You’ve heard the saying, adapt or die. How about adapt and die? Reading a new scientific report by David B. Wake and Vance T. Vredenburg, on the mass extinction that Amphibian Ark aims to avert, a new thought surfaces: Amphibians outlived the dinosaurs because of their adaptability — hey, they’re the Transformers of the animal world — yet the sensitive biomechanisms that make adaptability possible also put them at the greatest risk from new dangers created by man. Hence, their suffering today represents a canary in the coal mine warning us that the planet is in trouble. I recommend reading the full story from the National Academy of Sciences (of USA), but I pasted an excerpt below. And, the Los Angeles Times published a piece on it.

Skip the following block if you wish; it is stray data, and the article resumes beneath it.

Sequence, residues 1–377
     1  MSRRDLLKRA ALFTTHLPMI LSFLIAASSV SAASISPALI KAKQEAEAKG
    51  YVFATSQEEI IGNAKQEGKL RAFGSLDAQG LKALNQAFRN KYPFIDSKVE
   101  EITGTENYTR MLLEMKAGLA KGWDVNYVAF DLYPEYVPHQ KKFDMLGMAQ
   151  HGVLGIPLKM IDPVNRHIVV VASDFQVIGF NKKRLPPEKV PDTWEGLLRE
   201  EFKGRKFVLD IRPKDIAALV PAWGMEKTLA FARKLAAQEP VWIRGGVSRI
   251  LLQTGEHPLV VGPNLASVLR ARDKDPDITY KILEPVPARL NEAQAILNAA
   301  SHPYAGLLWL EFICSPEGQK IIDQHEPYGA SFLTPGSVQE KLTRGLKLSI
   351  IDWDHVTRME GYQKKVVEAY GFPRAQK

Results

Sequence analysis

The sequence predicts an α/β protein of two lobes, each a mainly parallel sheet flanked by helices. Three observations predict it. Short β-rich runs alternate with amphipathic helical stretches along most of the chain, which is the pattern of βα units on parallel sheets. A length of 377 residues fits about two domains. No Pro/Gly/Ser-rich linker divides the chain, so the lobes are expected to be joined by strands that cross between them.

Why this should be has perplexed amphibian specialists. A large number of factors have been implicated, including most prominently habitat destruction and epidemics of infectious disease (19); global warming also has been invoked as a contributing factor (20). What makes the amphibian case so compelling is the fact that amphibians are long-term survivors that have persisted through the last four mass extinctions. Paradoxically, although amphibians have proven themselves to be survivors in the past, there are reasons for thinking that they might be vulnerable to current environmental challenges and, hence, serve as multipurpose sentinels of environmental health. The typical life cycle of a frog involves aquatic development of eggs and larvae and terrestrial activity as adults, thus exposing them to a wide range of environments. Frog larvae are typically herbivores, whereas adults are carnivores, thus exposing them to a wide diversity of food, predators, and parasites. Amphibians have moist skin, and cutaneous respiration is more important than respiration by lungs. The moist, well vascularized skin places them in intimate contact with their environment. One might expect them to be vulnerable to changes in water or air quality resulting from diverse pollutants. Amphibians are thermal-conformers, thus making them sensitive to environmental temperature changes, which may be especially important for tropical montane (e.g., cloud forest) species that have experienced little temperature variation. Such species may have little acclimation ability in rapidly changing thermal regimes. 



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